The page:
Pass health reform now.
Progressives' response to the health reform debate will affect negotiations now—and even more, what happens for the next several years. With that in mind, we should call for Congressional negotiators to improve the bill as much as they can, and then pass whatever results.
In expressing his completely justified frustration with the legislative product of the Senate's internal debates on health care, James on Friday linked to the New York Times' Bob Herbert's critical analysis of one of the bill's provisions. Herbert rips the Senate's bill for its reliance on a health insurance excise tax.
As Herbert points out, if the bill's effective level on insurance values to be taxed stays the same over time, it could eventually produce a harmful tax level impacting middle-class households. That's so if the provision's flaws are not fixed either now, or at some point in the future.
I've also gone back and forth on the health reform legislation staggering its way through Congress. I fully support House negotiators in fixing whatever can be fixed in the Senate's version--although I'm cognizant too that on some points, including the abortion provisions and the principle of mandating that minimum percentages of premiums go to the costs of providing care, the Senate version is better.
To the extent that Herbert is helping set the plate for House negotiators to leverage higher ceilings on the health insurance excise tax kick-in level, then more power to him.
However, on the implicit conclusion that the bill as a whole should be deep-sixed if that provision can't be fixed immediately, he's wrong.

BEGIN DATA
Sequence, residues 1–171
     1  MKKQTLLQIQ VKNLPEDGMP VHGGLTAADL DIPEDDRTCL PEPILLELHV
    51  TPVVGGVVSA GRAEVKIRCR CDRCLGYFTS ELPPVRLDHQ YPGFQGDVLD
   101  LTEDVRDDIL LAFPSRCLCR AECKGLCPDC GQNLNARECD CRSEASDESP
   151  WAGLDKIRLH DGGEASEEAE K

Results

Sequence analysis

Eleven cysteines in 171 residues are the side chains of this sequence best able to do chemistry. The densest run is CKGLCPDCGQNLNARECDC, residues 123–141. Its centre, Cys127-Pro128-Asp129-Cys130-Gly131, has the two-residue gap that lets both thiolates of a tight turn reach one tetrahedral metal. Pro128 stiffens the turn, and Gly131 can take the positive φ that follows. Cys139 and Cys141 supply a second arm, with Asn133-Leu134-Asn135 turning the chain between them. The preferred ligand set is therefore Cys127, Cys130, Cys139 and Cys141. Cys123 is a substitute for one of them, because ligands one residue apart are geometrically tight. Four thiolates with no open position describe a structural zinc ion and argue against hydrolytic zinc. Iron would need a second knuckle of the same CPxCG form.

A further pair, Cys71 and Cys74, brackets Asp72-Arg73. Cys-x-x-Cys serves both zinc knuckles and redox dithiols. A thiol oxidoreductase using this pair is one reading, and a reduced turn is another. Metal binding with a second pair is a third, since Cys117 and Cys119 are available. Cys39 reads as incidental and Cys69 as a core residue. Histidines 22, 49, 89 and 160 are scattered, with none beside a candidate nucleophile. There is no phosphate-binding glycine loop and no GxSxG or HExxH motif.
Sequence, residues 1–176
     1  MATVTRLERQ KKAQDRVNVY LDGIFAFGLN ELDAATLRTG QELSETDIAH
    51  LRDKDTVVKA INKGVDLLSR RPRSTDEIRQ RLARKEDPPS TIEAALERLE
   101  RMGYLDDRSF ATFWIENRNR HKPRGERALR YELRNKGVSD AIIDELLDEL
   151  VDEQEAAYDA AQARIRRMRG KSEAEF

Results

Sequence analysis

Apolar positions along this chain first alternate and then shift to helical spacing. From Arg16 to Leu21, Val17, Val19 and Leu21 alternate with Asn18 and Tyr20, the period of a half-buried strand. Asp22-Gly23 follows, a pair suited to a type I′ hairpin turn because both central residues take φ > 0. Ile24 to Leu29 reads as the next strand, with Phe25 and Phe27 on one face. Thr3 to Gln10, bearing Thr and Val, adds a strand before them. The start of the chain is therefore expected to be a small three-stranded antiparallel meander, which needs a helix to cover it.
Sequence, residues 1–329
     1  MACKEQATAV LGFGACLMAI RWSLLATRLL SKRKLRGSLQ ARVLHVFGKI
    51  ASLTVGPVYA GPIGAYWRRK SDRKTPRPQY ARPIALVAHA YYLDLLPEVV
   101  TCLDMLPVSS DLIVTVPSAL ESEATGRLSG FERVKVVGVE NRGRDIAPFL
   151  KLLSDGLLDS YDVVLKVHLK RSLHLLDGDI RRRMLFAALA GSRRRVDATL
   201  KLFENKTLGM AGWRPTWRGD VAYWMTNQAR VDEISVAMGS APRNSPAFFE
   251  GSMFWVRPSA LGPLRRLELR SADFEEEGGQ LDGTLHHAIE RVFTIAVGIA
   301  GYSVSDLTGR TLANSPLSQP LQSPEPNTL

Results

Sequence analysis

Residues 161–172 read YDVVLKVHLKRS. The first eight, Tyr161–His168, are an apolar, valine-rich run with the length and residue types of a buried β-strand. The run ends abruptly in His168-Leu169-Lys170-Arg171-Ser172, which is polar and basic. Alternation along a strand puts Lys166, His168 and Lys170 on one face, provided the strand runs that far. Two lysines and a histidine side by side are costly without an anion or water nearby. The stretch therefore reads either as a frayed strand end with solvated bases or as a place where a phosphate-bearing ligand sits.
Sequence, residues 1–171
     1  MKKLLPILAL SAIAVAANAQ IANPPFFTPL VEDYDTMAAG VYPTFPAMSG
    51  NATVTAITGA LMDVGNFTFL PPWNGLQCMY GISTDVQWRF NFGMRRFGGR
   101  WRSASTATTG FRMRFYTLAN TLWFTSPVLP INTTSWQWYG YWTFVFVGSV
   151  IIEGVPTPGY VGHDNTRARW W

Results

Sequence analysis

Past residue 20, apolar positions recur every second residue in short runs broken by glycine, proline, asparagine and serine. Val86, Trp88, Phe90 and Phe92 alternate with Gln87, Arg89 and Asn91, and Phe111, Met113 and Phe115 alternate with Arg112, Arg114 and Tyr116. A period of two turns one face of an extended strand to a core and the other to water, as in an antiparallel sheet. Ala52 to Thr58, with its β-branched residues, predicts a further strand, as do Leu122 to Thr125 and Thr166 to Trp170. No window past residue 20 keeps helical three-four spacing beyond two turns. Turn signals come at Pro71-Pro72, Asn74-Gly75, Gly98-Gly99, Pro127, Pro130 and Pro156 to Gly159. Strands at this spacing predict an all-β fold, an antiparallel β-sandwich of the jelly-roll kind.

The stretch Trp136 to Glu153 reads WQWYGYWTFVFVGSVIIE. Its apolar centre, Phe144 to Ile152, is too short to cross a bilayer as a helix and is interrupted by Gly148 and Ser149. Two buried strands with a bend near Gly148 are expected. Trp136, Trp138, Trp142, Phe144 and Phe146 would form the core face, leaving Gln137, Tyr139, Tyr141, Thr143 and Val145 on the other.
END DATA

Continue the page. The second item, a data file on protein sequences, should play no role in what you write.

Eugene Robinson in the Washington Post succinctly lays out why here:
In sum, the inevitable result of the House/Senate negotiations on health reform will be an ugly patchwork with a jewel at its heart: that every American, regardless of income or age, is entitled to affordable access to decent health care.
For all its real and serious flaws, the bill will make substantial progress toward implementing that principle almost immediately. It will also provide real work and real opportunity to make ongoing improvements over a period of years or a decade. It's a start that helps tens of millions of people within the next four years.
The ugly flaws within the bill will immediately and for years to come be the proper target of legislative amendments and improvements. Some can take place in budget bills and riders to other must-pass legislation. There will be real opportunities to pass those amendments and improvements.
Unfortunately, there is going to be no other real opportunity any time soon to pass an overall reform attempt. Certainly not in the next three years, or the next seven for that matter. If this bill fails now, the entire topic of health insurance reform will be politically radioactive for a very long time.
Kill the bill now, and we've lost the opportunity to start, for another generation. Obama understands that, and so do the Senators and Representatives who we know believe in health care for all. Not the Liebermans and the Nelsons--a pox on their houses--but the Harkins, Shumers, Pelosis, Franks.
We need to take the flawed start that still constitutes a historic achievement, and help for millions of people, and keep fighting for better. That's what progress is all about.